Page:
Last month, President Obama issued a memorandum to create a national strategy to promote pollinator health. The strategy includes creating a pollinator health task force and taking steps to increase and improve pollinator habitat. The fact that pollinator decline is starting to be addressed at the Federal level signals increasing recognition of the severity of this problem. Nearly one out of every three mouthfuls of food we eat relies on a pollinator, and without the bees, butterflies, moths, flies, bats and other pollinators, the world food supply will become increasingly unstable.
The two largest threats to pollinators are habitat loss and pesticide use. Of particular concern are neonicotinoids, an increasingly popular kind of insecticide that control a wide variety of insects. The most common way that neonicotinoids are applied is as a seed coating. This means that the pesticide is on the seed before it’s even planted, and it travels through the plant’s vascular system as it grows. This transports the pesticide throughout all parts of the plant, including leaves, stems, flowers, fruit, pollen and nectar.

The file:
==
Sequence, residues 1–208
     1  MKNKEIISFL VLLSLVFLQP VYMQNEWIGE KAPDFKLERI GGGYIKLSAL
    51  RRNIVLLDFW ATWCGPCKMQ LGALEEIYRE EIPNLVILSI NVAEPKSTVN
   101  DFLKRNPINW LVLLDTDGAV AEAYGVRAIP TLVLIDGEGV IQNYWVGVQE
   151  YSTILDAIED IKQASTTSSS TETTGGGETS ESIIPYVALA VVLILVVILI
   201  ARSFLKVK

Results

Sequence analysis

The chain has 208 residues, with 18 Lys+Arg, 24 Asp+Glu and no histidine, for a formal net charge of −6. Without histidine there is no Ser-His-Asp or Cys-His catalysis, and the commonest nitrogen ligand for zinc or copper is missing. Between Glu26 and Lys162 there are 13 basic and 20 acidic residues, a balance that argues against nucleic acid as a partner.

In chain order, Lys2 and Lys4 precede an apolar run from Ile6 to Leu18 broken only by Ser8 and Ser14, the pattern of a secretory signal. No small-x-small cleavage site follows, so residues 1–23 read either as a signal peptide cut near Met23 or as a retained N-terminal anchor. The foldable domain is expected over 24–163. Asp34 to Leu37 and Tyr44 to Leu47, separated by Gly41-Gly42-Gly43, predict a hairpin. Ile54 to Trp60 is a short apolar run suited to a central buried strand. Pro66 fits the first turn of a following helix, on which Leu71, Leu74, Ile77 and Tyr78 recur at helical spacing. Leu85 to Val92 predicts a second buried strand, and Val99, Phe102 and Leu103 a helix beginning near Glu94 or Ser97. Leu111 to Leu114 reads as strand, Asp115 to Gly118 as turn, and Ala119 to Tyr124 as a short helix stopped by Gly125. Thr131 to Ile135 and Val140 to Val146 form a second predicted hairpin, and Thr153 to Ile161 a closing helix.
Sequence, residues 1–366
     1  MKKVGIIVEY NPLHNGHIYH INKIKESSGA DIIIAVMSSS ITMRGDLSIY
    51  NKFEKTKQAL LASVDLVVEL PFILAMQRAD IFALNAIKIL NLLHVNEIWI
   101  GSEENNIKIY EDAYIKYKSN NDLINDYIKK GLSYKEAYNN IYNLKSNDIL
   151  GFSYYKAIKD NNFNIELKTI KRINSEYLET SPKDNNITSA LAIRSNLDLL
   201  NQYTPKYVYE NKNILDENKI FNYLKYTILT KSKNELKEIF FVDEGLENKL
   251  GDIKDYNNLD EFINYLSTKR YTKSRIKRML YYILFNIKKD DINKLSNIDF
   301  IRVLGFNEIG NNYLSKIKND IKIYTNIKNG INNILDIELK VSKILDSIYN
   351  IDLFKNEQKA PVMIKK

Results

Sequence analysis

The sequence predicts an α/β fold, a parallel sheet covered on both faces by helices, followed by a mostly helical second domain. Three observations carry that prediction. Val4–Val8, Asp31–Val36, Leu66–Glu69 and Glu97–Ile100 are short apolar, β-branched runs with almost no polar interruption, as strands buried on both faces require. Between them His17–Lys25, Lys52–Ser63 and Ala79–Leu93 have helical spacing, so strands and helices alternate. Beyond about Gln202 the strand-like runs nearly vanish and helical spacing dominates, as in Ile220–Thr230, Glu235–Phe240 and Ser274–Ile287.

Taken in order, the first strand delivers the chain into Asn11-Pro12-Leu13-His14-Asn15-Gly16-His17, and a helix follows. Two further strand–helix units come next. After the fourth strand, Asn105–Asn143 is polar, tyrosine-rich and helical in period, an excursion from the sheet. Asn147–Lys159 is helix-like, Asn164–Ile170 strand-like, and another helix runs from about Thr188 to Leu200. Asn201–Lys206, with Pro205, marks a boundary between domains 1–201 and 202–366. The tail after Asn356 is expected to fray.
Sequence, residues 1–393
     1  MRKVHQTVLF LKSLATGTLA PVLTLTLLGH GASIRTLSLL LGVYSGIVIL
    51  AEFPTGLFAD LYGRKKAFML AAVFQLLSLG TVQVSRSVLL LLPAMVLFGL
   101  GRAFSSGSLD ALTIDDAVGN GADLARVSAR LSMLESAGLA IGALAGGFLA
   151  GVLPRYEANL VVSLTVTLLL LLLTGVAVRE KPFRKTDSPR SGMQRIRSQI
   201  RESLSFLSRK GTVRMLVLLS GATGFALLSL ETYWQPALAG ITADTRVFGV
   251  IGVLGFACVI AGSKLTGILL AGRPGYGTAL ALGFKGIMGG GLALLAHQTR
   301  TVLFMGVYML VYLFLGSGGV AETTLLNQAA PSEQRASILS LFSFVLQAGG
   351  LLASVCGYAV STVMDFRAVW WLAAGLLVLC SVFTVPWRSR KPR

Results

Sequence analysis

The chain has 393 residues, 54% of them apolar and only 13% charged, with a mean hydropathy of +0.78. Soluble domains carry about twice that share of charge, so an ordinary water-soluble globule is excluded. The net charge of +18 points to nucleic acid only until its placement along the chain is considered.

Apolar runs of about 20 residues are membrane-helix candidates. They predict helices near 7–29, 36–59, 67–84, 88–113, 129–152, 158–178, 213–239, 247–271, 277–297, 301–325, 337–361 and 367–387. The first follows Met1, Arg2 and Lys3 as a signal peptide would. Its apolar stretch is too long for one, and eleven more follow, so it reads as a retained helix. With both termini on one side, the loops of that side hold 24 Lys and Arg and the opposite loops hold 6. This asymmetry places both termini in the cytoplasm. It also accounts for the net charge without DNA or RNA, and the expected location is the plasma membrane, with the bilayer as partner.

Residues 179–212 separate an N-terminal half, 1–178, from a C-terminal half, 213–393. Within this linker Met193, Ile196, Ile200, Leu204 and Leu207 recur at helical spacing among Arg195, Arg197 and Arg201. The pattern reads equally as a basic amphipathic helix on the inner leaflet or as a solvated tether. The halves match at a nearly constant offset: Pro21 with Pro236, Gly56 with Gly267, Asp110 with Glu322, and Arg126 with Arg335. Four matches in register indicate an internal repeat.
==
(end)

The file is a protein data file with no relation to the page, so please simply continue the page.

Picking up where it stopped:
Over 94 percent of the corn and half of the soy planted in the United States is pretreated with neonicotinoids. As a result, many farmers are not even aware that they are using neonicotinoids. Awareness of the problem is growing however, especially in parts of Europe, where they have been banned. Non-neonicotinoid treated seeds are available in the U.S. too, but they need to be specifically sought out and can be hard to find.
In response to this problem, IATP has authored a Farmer and Landowner Guide to Pollinators and Neonicotinoids in collaboration with Pesticide Action Network. This guide provides landowners basic information on the science around neonicotinoids and pollinators, as well as information on pollinator friendly approaches that landowners can undertake to help right now. On-the-ground action can, and must, come immediately if we want to ensure the stability of pollinator populations and crops.